Seabirds is a new iOS release from Shamrock Games. It’s available now as a free download from the App Store, but despite its recent release it is not, in fact, a brand new game. Instead, it is a free-to-play rerelease of the paid game Greedy Penguins from earlier this year, which was originally published by Chillingo.
Seabirds tasks players with ensuring that a variety of colored penguins get their favorite fish to eat. Each penguin will only eat a fish of a corresponding color — if the wrong thing enters their mouth, they will throw up rather graphically and the player will fail the level.
The game takes the form of a series of physics puzzles. It is not possible to move the penguins directly — all the player can do is release fish or other objects from nets and flying storks by tapping on them and hope their timing is accurate. Certain levels provide an optional video “hint” that actually shows the whole solution — the first of these is free, but subsequent ones must be unlocked by expending the golden fish acquired after successfully completing a level. Between one and three fish are awarded to the player after a level has been successfully completed according to how quickly they completed the challenge, and additional fish may be acquired via in-app purchase. Fish are also required to unlock later “worlds” in the game, meaning that in-app purchases may be used to effectively “buy progress” through the game.
Seabirds provides a decent amount of physics puzzling fun for free, but its execution is far from perfect. The most glaring issue is that the player’s taps on fish frequently fail to register — particularly when attempting to release one from a moving stork — and this can lead to frustration. The ability to buy progress through in-app purchasing somewhat undermines the game’s own structure, and the banner ad present on the game screen is obtrusive and distracting, though does not tend to actually obstruct the game screen and may be dispatched with any in-app purchase.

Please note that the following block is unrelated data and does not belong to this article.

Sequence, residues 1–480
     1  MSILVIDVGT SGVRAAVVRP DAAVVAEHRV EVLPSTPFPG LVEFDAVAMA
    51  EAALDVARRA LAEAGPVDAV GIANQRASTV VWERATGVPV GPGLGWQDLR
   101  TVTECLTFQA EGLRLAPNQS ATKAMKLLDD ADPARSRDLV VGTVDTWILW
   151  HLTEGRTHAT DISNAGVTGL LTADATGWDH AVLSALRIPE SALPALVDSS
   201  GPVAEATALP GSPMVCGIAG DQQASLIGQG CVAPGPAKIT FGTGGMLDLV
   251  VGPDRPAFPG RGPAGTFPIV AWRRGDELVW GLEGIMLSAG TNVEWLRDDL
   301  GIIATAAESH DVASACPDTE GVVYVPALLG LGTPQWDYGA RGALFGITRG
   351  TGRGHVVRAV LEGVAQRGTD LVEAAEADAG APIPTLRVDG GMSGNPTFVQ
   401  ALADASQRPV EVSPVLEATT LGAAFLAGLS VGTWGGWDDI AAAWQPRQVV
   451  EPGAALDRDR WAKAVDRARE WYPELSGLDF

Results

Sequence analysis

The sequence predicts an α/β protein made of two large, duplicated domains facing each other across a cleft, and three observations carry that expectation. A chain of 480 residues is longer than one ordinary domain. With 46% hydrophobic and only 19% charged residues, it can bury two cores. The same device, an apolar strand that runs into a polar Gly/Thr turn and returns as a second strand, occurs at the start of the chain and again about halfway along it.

Another issue with the game is that it launches the player into its challenges without any explanation whatsoever. The game does not explain that the aim is to get fish into the mouths of penguins of the corresponding color, and the only mechanical guidance it gives is a small pointing finger suggesting things to tap on. Sometimes this is useful; at other times it simply shows that the player can tap on the penguins to make them perform amusing animations. Some more “core” players appreciate not being talked down to by their games, but the casual player market which this game is clearly aimed at generally appreciates at least a little guidance for them to get started.
Perhaps a more major problem, however, is that the game is quite unfriendly to color-blind people. While the different-colored penguins are easily distinguishable by their different body types and accessories, the various fish are identical aside from their color, and there is no “color-blind mode” to assist. This is a criticism that was leveled at the original Greedy Penguins and does not appear to have been addressed since its initial release. While the problem is a rather specific one that will not affect many players, a good proportion of puzzle game developers in the last few years tackle the color-blind issue either through making the various colored items visually distinctive or by providing an optional “color-blind mode” with additional distinguishing interface features.
Despite the issues, Seabirds is fun game and a good example of mobile gaming as a five-minute diversion. It’s not very deep, it’s not especially original, but it does have a decent degree of visual charm about it, and it’s easy to pick up and play even without an initial tutorial. The fact it is free will also encourage people to take a chance on it, though whether or not it offers enough variety to maintain players’ interest over time remains to be seen.
Seabirds is not presently ranked on our tracking service AppData. Check back shortly to follow its progress through the App Store charts.